Shifting Tides in the Application of Islamic Law: Muslim Judges on Colonial Benches

This is part 5 of a six-part series of posts that will examine Anglo-Muhammadan law in the courts of British India. Court Case: Muhammadan law and Construction of Instrument of Gift Source: Indian Law Reports: Allahabad Series, Volume III Case: Ghulam Ahmad Khan and another (Plaintiffs) v. Muhammad Faiz Ahmad Khan (Defendant), January 27, 1881 … Continue reading Shifting Tides in the Application of Islamic Law: Muslim Judges on Colonial Benches

Anglo-Muhammadan Law and “Justice, Equity and Good Conscience” Continued

This is part 3 of a six-part series of posts that will examine Anglo-Muhammadan law in the courts of British India. Case 2: Non-Application of Islamic Law through “Justice, Equity and Good Conscience:” Inheritance of Minors Source: Indian Law Reports: Allahabad Series, Volume I Case: Hasan Ali and another (Plaintiff) v. Mehdi Husain and others … Continue reading Anglo-Muhammadan Law and “Justice, Equity and Good Conscience” Continued

Anglo-Muhammadan Law and “Justice, Equity and Good Conscience”

This is part 2 of a six-part series of posts that will examine Anglo-Muhammadan law in the courts of British India. As noted in the introductory blog post, the application of Anglo-Muhammadan law was varied and uneven. In addition to this being the result of a limited understanding of Islamic law on the part of … Continue reading Anglo-Muhammadan Law and “Justice, Equity and Good Conscience”

In the News: The Challenge of Navigating Sharīʿa Financing for Education

Testimonies from Muslim students studying in the United Kingdom note the challenge of navigating sharīʿa financing with banks that are not sharīʿa-compliant. Metro UK reporter Faima Bakar writes, “the limitations put on borrowing can stop students from pursuing university altogether. Those who still choose to study via halal means, such as borrowing money from their … Continue reading In the News: The Challenge of Navigating Sharīʿa Financing for Education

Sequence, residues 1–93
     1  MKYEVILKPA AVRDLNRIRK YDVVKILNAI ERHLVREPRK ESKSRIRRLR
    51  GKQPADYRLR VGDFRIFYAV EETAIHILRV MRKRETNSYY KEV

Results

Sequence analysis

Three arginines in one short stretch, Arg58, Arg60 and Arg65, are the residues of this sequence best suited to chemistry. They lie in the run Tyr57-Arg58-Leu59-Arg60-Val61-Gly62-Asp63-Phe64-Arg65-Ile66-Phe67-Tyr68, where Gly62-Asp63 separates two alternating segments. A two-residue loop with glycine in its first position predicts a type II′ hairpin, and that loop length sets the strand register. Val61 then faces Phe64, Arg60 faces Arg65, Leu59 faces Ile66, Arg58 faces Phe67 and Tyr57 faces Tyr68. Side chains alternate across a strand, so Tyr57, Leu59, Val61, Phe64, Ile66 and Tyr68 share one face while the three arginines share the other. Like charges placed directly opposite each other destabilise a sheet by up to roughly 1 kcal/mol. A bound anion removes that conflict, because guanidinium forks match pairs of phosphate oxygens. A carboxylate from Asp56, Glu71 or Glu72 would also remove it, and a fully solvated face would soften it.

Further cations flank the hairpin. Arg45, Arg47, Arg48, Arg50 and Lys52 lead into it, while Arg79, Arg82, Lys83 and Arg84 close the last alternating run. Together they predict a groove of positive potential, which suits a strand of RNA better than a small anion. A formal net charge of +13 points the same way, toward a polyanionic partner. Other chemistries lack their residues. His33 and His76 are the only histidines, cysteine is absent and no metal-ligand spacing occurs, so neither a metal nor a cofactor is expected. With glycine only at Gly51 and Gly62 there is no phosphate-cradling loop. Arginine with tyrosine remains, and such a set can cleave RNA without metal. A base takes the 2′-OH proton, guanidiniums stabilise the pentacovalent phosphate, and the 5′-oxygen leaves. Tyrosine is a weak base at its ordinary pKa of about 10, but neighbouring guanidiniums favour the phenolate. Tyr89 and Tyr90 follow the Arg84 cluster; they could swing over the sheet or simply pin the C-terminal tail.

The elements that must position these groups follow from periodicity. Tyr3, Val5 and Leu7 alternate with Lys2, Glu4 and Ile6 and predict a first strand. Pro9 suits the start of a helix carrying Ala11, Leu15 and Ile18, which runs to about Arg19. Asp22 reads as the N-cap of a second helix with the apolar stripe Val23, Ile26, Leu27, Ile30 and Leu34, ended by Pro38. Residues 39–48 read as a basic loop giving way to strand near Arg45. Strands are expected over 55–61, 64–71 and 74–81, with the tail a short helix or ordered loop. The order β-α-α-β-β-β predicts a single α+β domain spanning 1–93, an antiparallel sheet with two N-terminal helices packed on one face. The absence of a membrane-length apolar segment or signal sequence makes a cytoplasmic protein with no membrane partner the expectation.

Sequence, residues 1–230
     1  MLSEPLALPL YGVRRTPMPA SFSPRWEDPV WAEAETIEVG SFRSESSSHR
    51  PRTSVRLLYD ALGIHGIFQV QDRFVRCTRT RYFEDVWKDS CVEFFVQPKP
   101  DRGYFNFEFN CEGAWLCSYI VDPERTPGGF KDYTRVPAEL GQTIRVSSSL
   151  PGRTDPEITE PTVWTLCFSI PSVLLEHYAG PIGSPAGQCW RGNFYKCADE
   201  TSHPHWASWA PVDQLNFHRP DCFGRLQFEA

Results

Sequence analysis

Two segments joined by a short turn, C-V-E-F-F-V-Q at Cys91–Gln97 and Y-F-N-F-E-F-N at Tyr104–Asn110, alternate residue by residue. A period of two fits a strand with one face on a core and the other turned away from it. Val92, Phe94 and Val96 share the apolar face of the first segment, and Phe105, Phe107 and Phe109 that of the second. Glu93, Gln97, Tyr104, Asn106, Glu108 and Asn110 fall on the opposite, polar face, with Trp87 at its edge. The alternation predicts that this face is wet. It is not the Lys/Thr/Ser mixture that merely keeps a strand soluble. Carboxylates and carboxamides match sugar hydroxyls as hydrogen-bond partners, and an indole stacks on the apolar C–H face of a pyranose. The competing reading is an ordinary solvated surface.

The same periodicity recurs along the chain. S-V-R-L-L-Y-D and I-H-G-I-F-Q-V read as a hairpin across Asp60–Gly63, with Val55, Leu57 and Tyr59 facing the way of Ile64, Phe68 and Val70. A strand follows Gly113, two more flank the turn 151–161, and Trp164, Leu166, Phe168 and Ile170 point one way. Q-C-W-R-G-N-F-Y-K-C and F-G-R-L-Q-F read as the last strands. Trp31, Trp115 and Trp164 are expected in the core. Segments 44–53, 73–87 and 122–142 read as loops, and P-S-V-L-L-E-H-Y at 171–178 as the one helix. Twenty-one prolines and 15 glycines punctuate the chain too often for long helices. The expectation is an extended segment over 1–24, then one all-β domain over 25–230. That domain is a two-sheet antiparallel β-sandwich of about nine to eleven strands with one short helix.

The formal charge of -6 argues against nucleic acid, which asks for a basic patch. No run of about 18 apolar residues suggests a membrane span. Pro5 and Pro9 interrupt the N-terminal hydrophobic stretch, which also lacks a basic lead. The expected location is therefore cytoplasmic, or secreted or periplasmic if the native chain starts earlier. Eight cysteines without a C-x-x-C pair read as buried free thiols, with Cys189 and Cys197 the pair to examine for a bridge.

Recent Scholarship: Chaudhry on Indo-Islamicate Land Systems

"Property and Its Rule (in Late Indo-Islamicate and Early Colonial) South Asia: What’s in a Name?" by Faisal Chaudhry, University of Dayton - School of Law; University of Dayton, published in the Journal of the Economic and Social History of the Orient. This article sets out a framework for understanding two key issues in the history of … Continue reading Recent Scholarship: Chaudhry on Indo-Islamicate Land Systems

Iranian Plenary Assembly Reiteration Opinion No. 21

A Ra’y-e Esrārī (opinion issued when the lower court to which the case is remanded reiterates on the rejected decision) by the Civil Division of the Plenary Assembly of Iranian Supreme Court. According to this opinion, when the sale of pledged property by the pledgor contains a stipulation to the effect that the seller/pledgor has to pay all … Continue reading Iranian Plenary Assembly Reiteration Opinion No. 21

Islamic Law in US Courts: Aleem v. Aleem, 947 A.2d 489 (Md. Ct. App. 2008)

We use real cases to show how U.S. Courts consider Islamic law. Like any other legal framework, Islamic law defines and dignifies the institutions people hold dear, including marriage and finance. What do American judges do when adjudicating a case in which at least one party primarily understands these institutions and their protections through Islamic … Continue reading Islamic Law in US Courts: Aleem v. Aleem, 947 A.2d 489 (Md. Ct. App. 2008)

IP in Islamic Law? Deriving Similar Patent Regimes from John Locke and the Qurʾān

When it comes to new technology and Islamic law, it turns out that the principles of Western intellectual property law are quite similar to Islamic property and contract law, according to Turkey editor Gizem Orbey. On her analysis, the latter permits the same applications as the former. Major sources of Islamic law are mum as to protecting … Continue reading IP in Islamic Law? Deriving Similar Patent Regimes from John Locke and the Qurʾān